North Country Trail to 5 Waterfalls

Ottawa National Forest, Michigan

Trip Date: Sunday, August 12th, 2018
Last Updated: Tuesday, November 20th, 2018
By Ricky Holzer

Hike Information

Rating ★★★★★(5/5)
Overall Difficulty Moderate
Navigation Difficulty     Easy
Distance 8.5 miles roundtrip
Time 5 hours
Terrain Hilly
Best Seasons Spring, Summer, Fall
Family Friendly No
Dog Friendly Yes
Accessible No

Highlights

Hike Walkthrough

This hike is a contender for one of my top five hikes of 2018 (see my favorites from 2016 or 2017). As I've gladly discovered, the Upper Peninsula is the land of abundant waterfalls, where ample precipitation combined combines with interesting topography in spectacular fashion. On this hike, you'll encounter not one, not two, but five unique waterfalls! Elsewhere in the Midwest, each of these waterfalls would be significant enough to be the centerpiece of their own eponymous state park. Technically, each of these waterfalls has a parking lot and a only short hike to reach a viewpoint, but it's much more fun to earn your waterfalls with this long, rewarding hike!

The first stop on this hike is the best viewpoint of Rainbow Falls. While you can see Rainbow Falls from an observation deck on the trail south of the parking lot, the falls is angled such that the rocks and trees obstruct most of the view. So, from the parking area at Black River Harbor, head north on the paved path across the historic suspension bridge to reach the trail heading uphill to Rainbow Falls. Hopefully you don't mind stairs, because the steps in the first picture below are just the beginning -- every single waterfall has its own set of steps required for access! At the top of the hill, Lake Superior peeks through the trees as shown in the second picture below.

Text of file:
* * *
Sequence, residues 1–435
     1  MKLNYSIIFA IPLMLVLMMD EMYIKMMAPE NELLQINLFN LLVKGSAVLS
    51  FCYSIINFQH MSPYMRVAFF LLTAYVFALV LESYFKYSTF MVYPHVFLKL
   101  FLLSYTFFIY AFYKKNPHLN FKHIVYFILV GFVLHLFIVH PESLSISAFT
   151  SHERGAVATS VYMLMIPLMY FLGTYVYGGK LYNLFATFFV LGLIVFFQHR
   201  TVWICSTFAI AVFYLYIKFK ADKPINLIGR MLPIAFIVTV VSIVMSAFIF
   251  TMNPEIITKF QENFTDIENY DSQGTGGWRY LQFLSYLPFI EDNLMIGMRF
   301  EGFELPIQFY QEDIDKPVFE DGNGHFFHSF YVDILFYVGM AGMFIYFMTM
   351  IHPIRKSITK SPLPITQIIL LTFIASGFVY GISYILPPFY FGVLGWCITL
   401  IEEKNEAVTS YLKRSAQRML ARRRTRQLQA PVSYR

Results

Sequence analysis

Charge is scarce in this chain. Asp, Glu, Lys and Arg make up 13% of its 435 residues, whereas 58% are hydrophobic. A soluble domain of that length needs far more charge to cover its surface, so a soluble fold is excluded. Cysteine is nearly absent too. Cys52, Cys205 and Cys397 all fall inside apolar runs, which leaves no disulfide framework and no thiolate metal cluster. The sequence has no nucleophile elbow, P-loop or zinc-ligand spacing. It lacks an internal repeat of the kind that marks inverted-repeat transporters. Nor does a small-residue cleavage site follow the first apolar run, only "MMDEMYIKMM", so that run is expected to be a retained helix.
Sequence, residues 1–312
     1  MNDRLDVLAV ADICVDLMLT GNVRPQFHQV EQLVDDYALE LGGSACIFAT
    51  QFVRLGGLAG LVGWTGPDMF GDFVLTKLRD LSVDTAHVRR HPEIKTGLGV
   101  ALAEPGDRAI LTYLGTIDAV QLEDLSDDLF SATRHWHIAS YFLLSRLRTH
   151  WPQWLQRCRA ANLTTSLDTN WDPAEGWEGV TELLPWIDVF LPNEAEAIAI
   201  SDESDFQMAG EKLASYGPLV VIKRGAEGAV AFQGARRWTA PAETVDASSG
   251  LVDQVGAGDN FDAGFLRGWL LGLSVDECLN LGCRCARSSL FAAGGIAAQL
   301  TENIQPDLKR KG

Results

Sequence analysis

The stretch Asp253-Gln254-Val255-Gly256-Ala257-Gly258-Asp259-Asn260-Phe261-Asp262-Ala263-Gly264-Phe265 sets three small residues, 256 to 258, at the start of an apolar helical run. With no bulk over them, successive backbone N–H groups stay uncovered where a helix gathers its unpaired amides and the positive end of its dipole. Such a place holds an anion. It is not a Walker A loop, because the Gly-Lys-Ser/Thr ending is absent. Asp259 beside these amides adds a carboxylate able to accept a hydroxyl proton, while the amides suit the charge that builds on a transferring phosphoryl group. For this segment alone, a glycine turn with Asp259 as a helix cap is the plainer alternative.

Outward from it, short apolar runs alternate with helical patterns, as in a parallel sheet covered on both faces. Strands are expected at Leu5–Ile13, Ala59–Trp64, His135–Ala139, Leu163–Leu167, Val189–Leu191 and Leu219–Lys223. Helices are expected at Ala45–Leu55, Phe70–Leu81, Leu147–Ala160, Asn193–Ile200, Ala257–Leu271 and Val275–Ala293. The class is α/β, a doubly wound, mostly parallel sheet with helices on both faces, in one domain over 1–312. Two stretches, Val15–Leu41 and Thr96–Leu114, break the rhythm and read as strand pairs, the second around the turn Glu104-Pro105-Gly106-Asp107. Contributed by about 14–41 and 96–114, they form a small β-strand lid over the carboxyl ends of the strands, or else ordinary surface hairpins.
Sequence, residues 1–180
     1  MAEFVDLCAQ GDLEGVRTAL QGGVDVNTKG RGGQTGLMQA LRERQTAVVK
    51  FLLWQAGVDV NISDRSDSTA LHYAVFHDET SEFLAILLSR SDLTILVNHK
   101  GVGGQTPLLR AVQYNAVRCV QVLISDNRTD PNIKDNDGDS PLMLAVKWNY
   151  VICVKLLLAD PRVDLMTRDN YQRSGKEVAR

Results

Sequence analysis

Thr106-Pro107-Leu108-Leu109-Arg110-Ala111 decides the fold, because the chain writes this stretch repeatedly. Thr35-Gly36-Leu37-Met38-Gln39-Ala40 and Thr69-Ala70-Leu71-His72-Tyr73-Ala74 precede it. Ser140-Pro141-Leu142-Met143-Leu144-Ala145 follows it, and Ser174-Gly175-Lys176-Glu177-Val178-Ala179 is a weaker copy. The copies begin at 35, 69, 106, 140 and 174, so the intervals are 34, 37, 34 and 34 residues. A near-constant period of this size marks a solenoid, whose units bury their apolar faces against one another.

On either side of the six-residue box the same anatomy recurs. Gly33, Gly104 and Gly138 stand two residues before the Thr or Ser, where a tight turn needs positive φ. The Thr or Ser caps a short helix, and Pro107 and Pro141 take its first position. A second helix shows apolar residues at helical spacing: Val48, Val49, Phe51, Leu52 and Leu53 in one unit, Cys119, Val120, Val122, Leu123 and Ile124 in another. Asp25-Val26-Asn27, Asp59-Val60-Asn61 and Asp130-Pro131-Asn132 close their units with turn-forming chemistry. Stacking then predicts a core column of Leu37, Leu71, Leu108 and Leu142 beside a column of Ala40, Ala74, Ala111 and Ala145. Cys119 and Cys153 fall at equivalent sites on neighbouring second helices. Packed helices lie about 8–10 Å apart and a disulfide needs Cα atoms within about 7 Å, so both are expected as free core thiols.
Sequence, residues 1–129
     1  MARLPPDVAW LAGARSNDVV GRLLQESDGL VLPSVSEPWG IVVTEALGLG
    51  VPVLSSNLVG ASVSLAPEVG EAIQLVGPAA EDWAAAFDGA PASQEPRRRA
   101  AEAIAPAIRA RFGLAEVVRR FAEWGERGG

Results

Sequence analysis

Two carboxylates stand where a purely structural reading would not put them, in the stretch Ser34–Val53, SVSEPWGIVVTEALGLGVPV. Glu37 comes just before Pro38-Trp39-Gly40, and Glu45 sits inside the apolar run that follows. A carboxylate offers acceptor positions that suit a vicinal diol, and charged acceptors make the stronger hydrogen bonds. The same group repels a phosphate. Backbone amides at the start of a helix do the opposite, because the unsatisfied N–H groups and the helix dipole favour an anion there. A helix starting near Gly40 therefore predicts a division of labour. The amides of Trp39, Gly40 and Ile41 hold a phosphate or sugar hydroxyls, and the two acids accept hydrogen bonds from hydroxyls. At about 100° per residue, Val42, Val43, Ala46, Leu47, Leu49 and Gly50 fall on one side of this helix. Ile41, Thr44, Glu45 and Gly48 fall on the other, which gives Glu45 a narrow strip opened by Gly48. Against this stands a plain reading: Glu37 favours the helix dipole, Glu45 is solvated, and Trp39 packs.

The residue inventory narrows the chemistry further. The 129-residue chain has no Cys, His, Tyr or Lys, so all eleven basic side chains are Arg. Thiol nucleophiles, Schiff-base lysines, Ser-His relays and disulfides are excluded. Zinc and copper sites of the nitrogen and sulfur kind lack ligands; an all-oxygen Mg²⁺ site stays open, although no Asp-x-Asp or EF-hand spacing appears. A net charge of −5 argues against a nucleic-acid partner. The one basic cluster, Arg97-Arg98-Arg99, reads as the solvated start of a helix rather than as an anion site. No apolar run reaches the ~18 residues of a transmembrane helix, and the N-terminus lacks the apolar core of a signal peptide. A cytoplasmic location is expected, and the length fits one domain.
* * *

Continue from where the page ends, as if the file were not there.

You must conquer a separate set of stairs at some point near all five waterfalls

You must conquer a separate set of stairs at some point near all five waterfalls

A glimpse of Lake Superior through the trees

A glimpse of Lake Superior through the trees

The trail does a U-turn and starts heading south, winding its way through forest near the west cliff edge along the Black River. Eventually, you'll reach a viewpoint of Rainbow Falls, as pictured below. The rocky cliffs here prevent tall trees from growing and blocking your view.
Rainbow Falls as seen from the east side of the Black River

Rainbow Falls as seen from the east side of the Black River

Turn around once you finish enjoying Rainbow Falls. Once you reach the parking lot again, look for the trailhead for the North Country National Scenic Trail on the south end of the lot. The trail starts with a moderately steep but short section of uphill, before meeting the second but lackluster viewpoint of Rainbow Falls. The trail bends to the west, then you'll cross the main road near the road to the campground and dip into the forest once again. Forewarning: this next section is the most boring portion of the trail -- there is nothing but dense forest all around you and little in the way of interesting scenery or topography. After the trail bends and heads southeast, navigation becomes more confusing since the trail intersects a slew of mountain bike trails. Watch for the blue rectangles spray painted on trees to ensure you go the right direction.

You'll emerge from the forest back to the road. Walk north along the side of the road here to reach the start of the short trail to Sandstone Falls -- there will be a road sign pointing to the parking area for the falls. Head down the stairs, and you'll find the smallest of the five waterfalls on this journey, Sandstone Falls, as pictured below. Unlike the other falls along this trail, there isn't a designated viewing platform and you are free to wander on the rocks to find the best vantage point of the falls.
The small but turbulent Sandstone Falls

The small but turbulent Sandstone Falls